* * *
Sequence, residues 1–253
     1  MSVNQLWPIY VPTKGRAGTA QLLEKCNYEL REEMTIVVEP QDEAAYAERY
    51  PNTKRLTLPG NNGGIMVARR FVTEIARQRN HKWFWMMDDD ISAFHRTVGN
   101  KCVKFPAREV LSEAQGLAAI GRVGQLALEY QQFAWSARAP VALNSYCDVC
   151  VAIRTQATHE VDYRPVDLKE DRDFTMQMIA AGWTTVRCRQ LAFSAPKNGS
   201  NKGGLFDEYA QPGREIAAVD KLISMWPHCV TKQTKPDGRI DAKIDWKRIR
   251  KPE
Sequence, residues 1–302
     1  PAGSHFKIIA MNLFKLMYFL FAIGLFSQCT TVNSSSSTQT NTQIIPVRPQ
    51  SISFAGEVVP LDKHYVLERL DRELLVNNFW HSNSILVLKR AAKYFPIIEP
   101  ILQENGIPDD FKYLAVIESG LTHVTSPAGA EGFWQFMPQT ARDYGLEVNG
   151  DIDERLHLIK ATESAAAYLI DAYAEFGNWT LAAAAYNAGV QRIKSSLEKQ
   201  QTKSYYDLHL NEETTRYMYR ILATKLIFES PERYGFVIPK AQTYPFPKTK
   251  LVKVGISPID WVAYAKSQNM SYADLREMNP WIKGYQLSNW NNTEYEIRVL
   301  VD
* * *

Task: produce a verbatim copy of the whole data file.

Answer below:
Sequence, residues 1–253
     1  MSVNQLWPIY VPTKGRAGTA QLLEKCNYEL REEMTIVVEP QDEAAYAERY
    51  PNTKRLTLPG NNGGIMVARR FVTEIARQRN HKWFWMMDDD ISAFHRTVGN
   101  KCVKFPAREV LSEAQGLAAI GRVGQLALEY QQFAWSARAP VALNSYCDVC
   151  VAIRTQATHE VDYRPVDLKE DRDFTMQMIA AGWTTVRCRQ LAFSAPKNGS
   201  NKGGLFDEYA QPGREIAAVD KLISMWPHCV TKQTKPDGRI DAKIDWKRIR
   251  KPE
Sequence, residues 1–302
     1  PAGSHFKIIA MNLFKLMYFL FAIGLFSQCT TVNSSSSTQT NTQIIPVRPQ
    51  SISFAGEVVP LDKHYVLERL DRELLVNNFW HSNSILVLKR AAKYFPIIEP
   101  ILQENGIPDD FKYLAVIESG LTHVTSPAGA EGFWQFMPQT ARDYGLEVNG
   151  DIDERLHLIK ATESAAAYLI DAYAEFGNWT LAAAAYNAGV QRIKSSLEKQ
   201  QTKSYYDLHL NEETTRYMYR ILATKLIFES PERYGFVIPK AQTYPFPKTK
   251  LVKVGISPID WVAYAKSQNM SYADLREMNP WIKGYQLSNW NNTEYEIRVL
   301  VD